It would be an understatement to say the Cubs’ Jason Heyward has had an eventful career in professional baseball. Heyward was the 14th pick of the Braves in the 2007 draft, and the Georgia-raised outfielder’s star continued to rise thereafter. As a prospect, Heyward topped out as Baseball America’s No. 1 overall farmhand after the 2009 season.
“Even if he opens 2010 at Triple-A Gwinnett, Heyward will be starting in Atlanta at some point during the year, and he has all the ability to emerge as one of the game’s premier players,” BA wrote then.
The towering Heyward did not start 2010 in the minors, though, instead beginning as the Braves’ top right fielder. And he made an enormous impact from the get-go, smashing a first-inning, three-run homer off Cubs righty Carlos Zambrano in his initial at-bat. The Braves went on to win that game and 90 more en route to a wild-card berth, owing in no small part to a 4.6-fWAR Heyward effort in which he batted .277/.393/.456 in 623 plate appearances.
It seemed that the rookie version of Heyward was indeed destined for greatness, but his career hasn’t been particularly consistent since then. Heyward remained a Brave from 2011-14, a 2,196-plate appearance run in which he batted .258/.340/.422 with 14.9 fWAR, but they decided after the last of those seasons to trade the homegrown standout to the Cardinals in a deal for right-hander Shelby Miller. That wasn’t indefensible from the Braves’ point of view, as Miller was then an up-and-coming starter with a few years’ team control remaining and Heyward had just one season left before reaching free agency.
If you go by fWAR, Heyward had his best in St. Louis (5.6), hitting .293/.359/.439 with 13 homers and a career-high 23 steals in 610 PA. Heyward was part of a 100-win team that year, but after the Cardinals bowed out of the NLDS against the Cubs, the free agent went to … the Cubs. They handed him an eight-year, $184MM guarantee, but Heyward’s regular-season numbers have fallen flat dating back to then. During his first four years as a Cub, Heyward batted an underwhelming .252/.327/.383 line across 2,151 trips to the plate, leading to 6.0 fWAR. Heyward’s typically outstanding defense has kept him afloat, as he has logged 42 Defensive Runs Saved and a 27.2 Ultimate Zone Rating as a Chicago outfielder (overall, he has put up 143 DRS with a 99.5 UZR as a big leaguer). Of course, it’s not always just about statistics.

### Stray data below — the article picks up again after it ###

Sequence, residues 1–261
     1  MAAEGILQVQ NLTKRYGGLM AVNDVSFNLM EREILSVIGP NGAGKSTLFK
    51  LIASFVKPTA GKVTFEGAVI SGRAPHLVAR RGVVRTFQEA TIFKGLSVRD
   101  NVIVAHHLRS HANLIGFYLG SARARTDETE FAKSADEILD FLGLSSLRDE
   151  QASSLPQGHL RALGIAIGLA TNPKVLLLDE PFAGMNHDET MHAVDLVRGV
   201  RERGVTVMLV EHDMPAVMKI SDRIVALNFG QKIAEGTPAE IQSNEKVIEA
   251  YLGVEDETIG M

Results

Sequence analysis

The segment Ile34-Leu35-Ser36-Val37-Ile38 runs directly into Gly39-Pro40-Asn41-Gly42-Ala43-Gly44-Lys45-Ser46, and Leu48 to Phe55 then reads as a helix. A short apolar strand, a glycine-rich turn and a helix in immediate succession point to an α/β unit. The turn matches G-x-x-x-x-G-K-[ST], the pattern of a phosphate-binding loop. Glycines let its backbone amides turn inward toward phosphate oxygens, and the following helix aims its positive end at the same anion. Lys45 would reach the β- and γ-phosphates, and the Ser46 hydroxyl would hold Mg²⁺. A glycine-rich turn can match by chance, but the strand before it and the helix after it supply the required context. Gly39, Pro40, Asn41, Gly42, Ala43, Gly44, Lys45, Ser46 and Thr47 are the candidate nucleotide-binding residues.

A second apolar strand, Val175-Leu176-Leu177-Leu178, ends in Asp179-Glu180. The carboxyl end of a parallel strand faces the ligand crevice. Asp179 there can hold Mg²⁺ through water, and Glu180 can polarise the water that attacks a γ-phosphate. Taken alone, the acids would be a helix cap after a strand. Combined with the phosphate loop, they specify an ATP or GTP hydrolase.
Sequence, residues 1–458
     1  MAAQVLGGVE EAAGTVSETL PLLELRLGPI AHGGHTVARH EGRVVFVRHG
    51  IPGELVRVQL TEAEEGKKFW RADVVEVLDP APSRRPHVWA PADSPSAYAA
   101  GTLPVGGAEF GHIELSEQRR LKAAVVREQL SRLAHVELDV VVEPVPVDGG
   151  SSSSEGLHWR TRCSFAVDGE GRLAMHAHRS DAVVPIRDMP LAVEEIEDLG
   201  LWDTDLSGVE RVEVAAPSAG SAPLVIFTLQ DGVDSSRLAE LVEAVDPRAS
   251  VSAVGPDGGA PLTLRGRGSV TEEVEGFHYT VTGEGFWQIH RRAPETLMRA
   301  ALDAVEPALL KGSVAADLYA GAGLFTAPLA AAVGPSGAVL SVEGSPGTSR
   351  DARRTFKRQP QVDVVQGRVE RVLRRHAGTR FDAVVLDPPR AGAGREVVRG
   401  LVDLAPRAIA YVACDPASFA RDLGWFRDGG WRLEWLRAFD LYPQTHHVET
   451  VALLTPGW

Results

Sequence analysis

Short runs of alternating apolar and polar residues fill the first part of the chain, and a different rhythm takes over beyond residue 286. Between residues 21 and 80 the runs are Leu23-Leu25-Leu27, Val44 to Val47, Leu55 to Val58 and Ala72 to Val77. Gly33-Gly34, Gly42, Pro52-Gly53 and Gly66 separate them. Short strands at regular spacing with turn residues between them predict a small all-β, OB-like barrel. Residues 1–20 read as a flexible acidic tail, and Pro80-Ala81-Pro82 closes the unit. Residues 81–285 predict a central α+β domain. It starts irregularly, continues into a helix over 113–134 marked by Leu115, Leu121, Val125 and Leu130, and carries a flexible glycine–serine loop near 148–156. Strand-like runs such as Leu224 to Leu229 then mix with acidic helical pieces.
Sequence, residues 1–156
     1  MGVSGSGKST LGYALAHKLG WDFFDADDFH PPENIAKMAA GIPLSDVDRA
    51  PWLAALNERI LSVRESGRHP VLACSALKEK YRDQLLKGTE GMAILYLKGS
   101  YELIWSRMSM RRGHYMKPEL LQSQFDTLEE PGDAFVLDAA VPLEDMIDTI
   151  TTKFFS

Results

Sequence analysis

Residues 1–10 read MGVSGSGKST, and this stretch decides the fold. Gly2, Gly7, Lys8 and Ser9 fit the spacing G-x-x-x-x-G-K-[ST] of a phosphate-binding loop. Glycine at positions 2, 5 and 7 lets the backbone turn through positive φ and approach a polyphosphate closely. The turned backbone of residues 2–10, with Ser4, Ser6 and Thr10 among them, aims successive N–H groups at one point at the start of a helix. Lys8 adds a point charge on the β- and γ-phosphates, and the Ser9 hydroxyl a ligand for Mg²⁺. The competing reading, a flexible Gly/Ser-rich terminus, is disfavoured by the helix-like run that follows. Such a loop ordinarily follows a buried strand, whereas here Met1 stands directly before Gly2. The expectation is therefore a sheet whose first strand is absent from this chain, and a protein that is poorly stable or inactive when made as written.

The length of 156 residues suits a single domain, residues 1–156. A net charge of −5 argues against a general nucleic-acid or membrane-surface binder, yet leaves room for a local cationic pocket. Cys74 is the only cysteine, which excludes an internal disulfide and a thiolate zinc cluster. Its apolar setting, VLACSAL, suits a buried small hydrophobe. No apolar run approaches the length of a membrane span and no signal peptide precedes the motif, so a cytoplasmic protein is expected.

On Nov. 2, 2016, the Cubs and Indians were tied 6-6 through nine innings and stuck in a rain delay in Game 7 of the World Series. It was two teams trying to break long championship droughts, but on Chicago’s side, Heyward went into Knute Rockne mode in the locker room.
“We’re the best team in baseball, and we’re the best team in baseball for a reason,” Heyward told his teammates (via Tom Verducci’s book “The Cubs Way: The Zen of Building the Best Team in Baseball and Breaking the Curse“). “Now we’re going to show it. We play like the score is nothing-nothing. We’ve got to stay positive and fight for your brothers. Stick together and we’re going to win this game.”
“Right then I thought, We’re winning this f—— game!,” president of baseball operations Theo Epstein said.
The Cubs did just that when the 17-minute delay ended, defeating the Indians in the 10th to pick up their first title in 108 years. It’s hard to quantify how much Heyward meant to that team on an emotional level. He went 0-for-5 in that game and posted a miserable .307 OPS during the postseason, which came after he recorded a personal-worst 72 wRC+ in the regular season, but that Game 7 speech will always live in Cubs lore.
While the Cubs haven’t won another title since 2016, Heyward’s production has trended upward going back to then, as he has been something close to a league-average hitter. Still, that’s not great for a former can’t-miss prospect who’s owed another $86MM through 2023. In all, Heyward has been a bit better than average as an offensive player during his career, having batted .261/.343/.412 (107 wRC+) with 144 homers and 110 steals in 5,580 PA. However, consistently stellar defense has helped the 30-year-old accumulate 31.1 fWAR, which is a higher amount than the vast majority of major leaguers have piled up, and he may have helped key a Cubs title behind the scenes. All things considered, how would you grade his career to this point?
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Photo courtesy of USA Today Sports Images.